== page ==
Sundance Recap: Part III

Mental instability, poverty, a disappearance, and a docu-thriller

White Bird in a Blizzard
White Bird in a Blizzard

I am sad to say this is my last Sundance post, but it is filled with plenty of decadent drama.

Infinitely Polar Bear: Based on writer/director Maya Forbes's real-life experiences, Infinitely Polar Bear is about a man named Cam (Mark Ruffalo) who suffers from bipolar disorder and how his wife (Zoe Saldana) and their children deal with it. The family struggles financially because Cam cannot hold a job because of his illness. Maggie ends up getting into Columbia's MBA program and proposes to peruse her dream while Cam takes care of the kids so the clan can finally make good. The film's main focus is Cam's relationship with his kids ( Imogene Wolodarsky and Ashley Aufderheide). The film has a cluster of sweet moments and the child stars are great, but I felt the film was light and very restrained on specifics of mental illness.

Skeleton Twins: Maggie (Kristen Wiig) and Milo (Bill Hader) are twins who both decide to end their lives on the same day. Due to a timely twist of fate, neither dies, putting the pair back in each other's lives after a 10-year rift. Having only seen Hader in comedic roles, it was shocking (in the best way possible) to see him play a gay, darker character with a slew of depression issues. Wiig's character is in the same boat, with a marriage that's anything but ideal. Over the course of the movie, the siblings reconnect and continue to struggle with their personal demons. The storyline is routine, but the script is balanced and well-written; Craig Johnson and Mark Heyman won the Waldo Salt Screenwriting Award for U.S. Dramatic film.

Rich Hill: Winner of the U.S. Grand Jury Award for Documentary feature, Rich Hill depicts three boys (Andrew, Harley, and Appachey) battling through poverty in Rich Hill, Mo., where the film's directors, Tracy Droz Tragos and Andrew Droz Palmero, grew up. Andrew’s father has a string of odd jobs and has trouble paying the bills, Harley has a blazing temper and lives with his grandma because his mom is in prison, and Appachey lives life with a smoking habit and not much supervision. None of the boys have much guidance and their outlook on the world is harsh – with good reason.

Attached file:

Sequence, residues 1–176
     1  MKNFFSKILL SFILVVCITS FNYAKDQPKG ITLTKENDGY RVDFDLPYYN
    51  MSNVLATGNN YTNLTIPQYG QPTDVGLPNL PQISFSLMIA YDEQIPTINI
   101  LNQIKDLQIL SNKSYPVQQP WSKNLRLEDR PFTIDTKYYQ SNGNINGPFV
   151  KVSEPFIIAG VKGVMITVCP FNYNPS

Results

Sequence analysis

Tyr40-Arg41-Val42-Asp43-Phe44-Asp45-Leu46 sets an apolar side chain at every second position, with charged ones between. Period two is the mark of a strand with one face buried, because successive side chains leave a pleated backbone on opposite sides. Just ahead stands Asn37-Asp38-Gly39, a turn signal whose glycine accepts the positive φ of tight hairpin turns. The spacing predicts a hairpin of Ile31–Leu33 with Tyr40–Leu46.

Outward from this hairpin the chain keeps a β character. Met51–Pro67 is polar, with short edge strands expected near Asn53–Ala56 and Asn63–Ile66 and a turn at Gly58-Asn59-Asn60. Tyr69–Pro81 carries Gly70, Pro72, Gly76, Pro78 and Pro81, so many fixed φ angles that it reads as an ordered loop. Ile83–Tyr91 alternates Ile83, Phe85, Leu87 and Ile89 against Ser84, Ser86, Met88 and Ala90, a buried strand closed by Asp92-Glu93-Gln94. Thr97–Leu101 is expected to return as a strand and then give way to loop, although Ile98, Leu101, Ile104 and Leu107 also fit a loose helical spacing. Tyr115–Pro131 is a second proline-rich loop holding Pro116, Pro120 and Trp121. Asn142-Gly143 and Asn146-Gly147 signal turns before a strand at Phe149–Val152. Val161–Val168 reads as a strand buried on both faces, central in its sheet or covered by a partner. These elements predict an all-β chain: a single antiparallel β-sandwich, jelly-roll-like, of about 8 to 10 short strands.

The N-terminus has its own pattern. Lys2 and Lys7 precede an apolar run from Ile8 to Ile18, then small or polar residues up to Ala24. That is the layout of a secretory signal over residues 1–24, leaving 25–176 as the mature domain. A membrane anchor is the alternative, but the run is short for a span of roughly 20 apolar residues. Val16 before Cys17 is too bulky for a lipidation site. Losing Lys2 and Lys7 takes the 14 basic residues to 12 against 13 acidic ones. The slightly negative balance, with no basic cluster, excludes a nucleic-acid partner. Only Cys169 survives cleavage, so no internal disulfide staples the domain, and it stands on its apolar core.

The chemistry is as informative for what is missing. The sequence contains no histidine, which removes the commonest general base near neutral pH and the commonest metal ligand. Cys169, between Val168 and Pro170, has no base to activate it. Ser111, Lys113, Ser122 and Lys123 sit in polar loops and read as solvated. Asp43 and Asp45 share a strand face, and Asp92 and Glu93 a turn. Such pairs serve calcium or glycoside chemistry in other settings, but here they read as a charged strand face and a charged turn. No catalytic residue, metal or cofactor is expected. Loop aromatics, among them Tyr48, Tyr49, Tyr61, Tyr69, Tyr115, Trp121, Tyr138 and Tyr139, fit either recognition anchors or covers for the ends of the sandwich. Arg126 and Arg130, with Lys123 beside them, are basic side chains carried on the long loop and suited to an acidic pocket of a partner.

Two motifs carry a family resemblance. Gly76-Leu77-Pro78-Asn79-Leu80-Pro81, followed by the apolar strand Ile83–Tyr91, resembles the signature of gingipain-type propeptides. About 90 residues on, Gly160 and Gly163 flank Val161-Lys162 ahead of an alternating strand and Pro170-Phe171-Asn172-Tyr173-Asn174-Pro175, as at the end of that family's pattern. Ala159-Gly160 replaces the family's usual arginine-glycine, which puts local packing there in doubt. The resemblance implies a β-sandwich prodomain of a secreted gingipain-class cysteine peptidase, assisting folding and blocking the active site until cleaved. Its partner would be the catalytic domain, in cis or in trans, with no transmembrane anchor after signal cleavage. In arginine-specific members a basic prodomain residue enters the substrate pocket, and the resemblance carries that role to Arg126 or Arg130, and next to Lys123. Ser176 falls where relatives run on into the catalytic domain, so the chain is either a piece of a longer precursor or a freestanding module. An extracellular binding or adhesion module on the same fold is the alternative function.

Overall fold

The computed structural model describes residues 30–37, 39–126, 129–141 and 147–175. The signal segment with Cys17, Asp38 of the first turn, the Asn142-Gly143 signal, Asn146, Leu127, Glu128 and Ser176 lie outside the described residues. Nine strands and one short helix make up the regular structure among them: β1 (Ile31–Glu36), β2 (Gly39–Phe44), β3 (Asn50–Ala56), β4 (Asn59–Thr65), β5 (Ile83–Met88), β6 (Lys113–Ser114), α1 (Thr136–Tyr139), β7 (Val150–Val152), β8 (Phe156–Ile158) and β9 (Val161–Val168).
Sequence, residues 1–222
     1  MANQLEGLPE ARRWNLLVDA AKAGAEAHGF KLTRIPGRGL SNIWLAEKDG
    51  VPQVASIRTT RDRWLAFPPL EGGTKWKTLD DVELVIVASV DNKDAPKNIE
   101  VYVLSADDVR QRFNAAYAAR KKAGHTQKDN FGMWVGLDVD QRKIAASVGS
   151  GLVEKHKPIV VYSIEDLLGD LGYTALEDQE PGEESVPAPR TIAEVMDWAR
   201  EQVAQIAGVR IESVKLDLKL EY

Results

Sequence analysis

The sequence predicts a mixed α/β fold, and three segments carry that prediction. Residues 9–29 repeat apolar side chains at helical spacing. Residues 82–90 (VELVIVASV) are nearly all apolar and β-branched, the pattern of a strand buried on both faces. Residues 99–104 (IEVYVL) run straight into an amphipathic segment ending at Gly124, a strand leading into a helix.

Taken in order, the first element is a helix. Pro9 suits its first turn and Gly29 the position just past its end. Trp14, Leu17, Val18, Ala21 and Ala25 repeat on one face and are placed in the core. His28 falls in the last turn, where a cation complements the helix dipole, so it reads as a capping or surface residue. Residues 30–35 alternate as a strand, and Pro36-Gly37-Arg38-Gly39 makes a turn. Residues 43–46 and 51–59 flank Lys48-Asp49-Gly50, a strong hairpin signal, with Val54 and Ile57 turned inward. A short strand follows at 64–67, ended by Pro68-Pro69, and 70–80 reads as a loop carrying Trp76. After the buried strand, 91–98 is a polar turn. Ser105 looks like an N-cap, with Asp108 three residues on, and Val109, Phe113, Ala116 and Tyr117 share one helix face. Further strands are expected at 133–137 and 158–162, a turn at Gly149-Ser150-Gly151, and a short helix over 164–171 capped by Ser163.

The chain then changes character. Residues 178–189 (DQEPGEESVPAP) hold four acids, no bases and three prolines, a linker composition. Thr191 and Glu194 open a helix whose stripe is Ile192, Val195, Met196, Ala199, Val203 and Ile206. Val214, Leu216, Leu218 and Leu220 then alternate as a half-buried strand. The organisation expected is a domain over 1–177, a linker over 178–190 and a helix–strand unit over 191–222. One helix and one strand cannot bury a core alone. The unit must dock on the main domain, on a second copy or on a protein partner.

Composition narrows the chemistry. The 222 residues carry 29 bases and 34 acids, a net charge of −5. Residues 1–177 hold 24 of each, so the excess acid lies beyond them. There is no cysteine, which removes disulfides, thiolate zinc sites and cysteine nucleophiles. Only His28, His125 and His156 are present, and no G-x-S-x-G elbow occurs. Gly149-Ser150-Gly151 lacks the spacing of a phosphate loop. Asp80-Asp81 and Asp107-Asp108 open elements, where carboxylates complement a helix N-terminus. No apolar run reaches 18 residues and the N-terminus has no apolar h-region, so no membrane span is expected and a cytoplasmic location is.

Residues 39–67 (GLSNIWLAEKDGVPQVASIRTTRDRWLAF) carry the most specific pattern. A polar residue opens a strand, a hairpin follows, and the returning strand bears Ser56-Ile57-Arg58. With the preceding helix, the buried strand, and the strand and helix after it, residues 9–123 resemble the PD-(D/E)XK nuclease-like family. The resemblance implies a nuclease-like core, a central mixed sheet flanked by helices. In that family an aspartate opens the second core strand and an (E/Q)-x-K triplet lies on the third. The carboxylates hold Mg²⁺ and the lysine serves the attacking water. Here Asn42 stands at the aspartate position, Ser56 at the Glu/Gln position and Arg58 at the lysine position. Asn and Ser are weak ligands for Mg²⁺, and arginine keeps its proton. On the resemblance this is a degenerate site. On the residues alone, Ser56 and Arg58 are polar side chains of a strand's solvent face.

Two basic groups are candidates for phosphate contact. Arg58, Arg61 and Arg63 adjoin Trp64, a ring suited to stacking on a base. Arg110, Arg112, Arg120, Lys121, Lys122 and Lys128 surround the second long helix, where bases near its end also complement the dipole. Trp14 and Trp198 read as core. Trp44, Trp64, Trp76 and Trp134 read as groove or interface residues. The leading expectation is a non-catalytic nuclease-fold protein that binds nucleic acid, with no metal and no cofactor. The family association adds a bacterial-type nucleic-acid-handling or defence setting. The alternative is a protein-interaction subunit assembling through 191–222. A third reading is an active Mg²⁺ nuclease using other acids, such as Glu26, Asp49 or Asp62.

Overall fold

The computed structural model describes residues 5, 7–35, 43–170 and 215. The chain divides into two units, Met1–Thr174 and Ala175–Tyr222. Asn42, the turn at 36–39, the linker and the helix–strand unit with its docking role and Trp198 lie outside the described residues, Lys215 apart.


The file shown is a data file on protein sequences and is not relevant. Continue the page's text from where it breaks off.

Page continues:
White Bird In A Blizzard: This is the first time I have ever seen a film by Gregg Araki, and the experience was sinfully delightful. Based on the novel of the same name by Laura Kasischke, the story revolves around Kat Connor (Shailene Woodley) and her family, which is at the height of dysfunctionality. Her father, Brock (Christopher Meloni) is a pushover, and her mom Eve (Eva Green) is an alcoholic who hates everything about her life and yearns to escape the role of suburban housewife. Things take a spooky turn when Eve disappears without a trace, sending Kat and her dad into a waking nightmare enhanced with nudity, sex, and mystery. It's a lot to take in in just 91 minutes. White Bird In A Blizzard marks the most adult role Woodley has had to date, and her performance alongside Green is fierce, fiery, and unapologetic.

The Green Prince : Even though this movie is a documentary, I felt like I was watching spine-tingling thriller. The Green Prince tells the tale of Mosab Hassan Yousef, the Palestinian son of a Hamas leader who became a spy for Israeli's Shin Bet. The film is based on Yousef’s book, Son of Hamas. At 17, Mosab was arrested for buying illegal weapons and was in prison in Israel, where Ben Yitzhak, a handler for the service, persuaded him to start working for them as a tipster. Amid all the hysteria, the film has a delicate, softer side when discussing Yousef's move to U.S. and his conversion to Christianity.

Sundance Top Five:

1) Whiplash

2) Life Itself

3) Boyhood

4) Rudderless

5) The One I Love

Welp, that does it!

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Sundance Film Festival, Rich Hill, Infinitely Polar Bear, White Bird In A Blizzard, The Green Prince, The Skeleton Twins, Bill Hader, Kristen Wiig, Mark Ruffalo, Zoe Saldana, poverty, depression, Gregg Araki, Shailene Woodley, Sundance

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